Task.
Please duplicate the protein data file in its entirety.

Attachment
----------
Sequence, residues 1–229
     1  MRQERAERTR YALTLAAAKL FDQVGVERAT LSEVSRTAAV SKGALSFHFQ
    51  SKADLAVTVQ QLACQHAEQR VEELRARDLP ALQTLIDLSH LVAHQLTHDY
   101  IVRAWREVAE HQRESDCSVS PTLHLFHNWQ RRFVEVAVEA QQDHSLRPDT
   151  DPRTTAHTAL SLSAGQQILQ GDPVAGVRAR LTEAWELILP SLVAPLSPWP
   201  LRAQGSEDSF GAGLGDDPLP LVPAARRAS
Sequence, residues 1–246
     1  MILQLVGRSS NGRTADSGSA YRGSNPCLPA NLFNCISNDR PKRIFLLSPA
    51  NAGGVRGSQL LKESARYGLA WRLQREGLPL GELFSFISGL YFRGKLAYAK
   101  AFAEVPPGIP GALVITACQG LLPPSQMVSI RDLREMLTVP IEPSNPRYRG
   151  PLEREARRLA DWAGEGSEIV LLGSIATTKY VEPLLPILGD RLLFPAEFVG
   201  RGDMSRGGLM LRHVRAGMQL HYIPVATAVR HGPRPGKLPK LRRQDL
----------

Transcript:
Sequence, residues 1–229
     1  MRQERAERTR YALTLAAAKL FDQVGVERAT LSEVSRTAAV SKGALSFHFQ
    51  SKADLAVTVQ QLACQHAEQR VEELRARDLP ALQTLIDLSH LVAHQLTHDY
   101  IVRAWREVAE HQRESDCSVS PTLHLFHNWQ RRFVEVAVEA QQDHSLRPDT
   151  DPRTTAHTAL SLSAGQQILQ GDPVAGVRAR LTEAWELILP SLVAPLSPWP
   201  LRAQGSEDSF GAGLGDDPLP LVPAARRAS
Sequence, residues 1–246
     1  MILQLVGRSS NGRTADSGSA YRGSNPCLPA NLFNCISNDR PKRIFLLSPA
    51  NAGGVRGSQL LKESARYGLA WRLQREGLPL GELFSFISGL YFRGKLAYAK
   101  AFAEVPPGIP GALVITACQG LLPPSQMVSI RDLREMLTVP IEPSNPRYRG
   151  PLEREARRLA DWAGEGSEIV LLGSIATTKY VEPLLPILGD RLLFPAEFVG
   201  RGDMSRGGLM LRHVRAGMQL HYIPVATAVR HGPRPGKLPK LRRQDL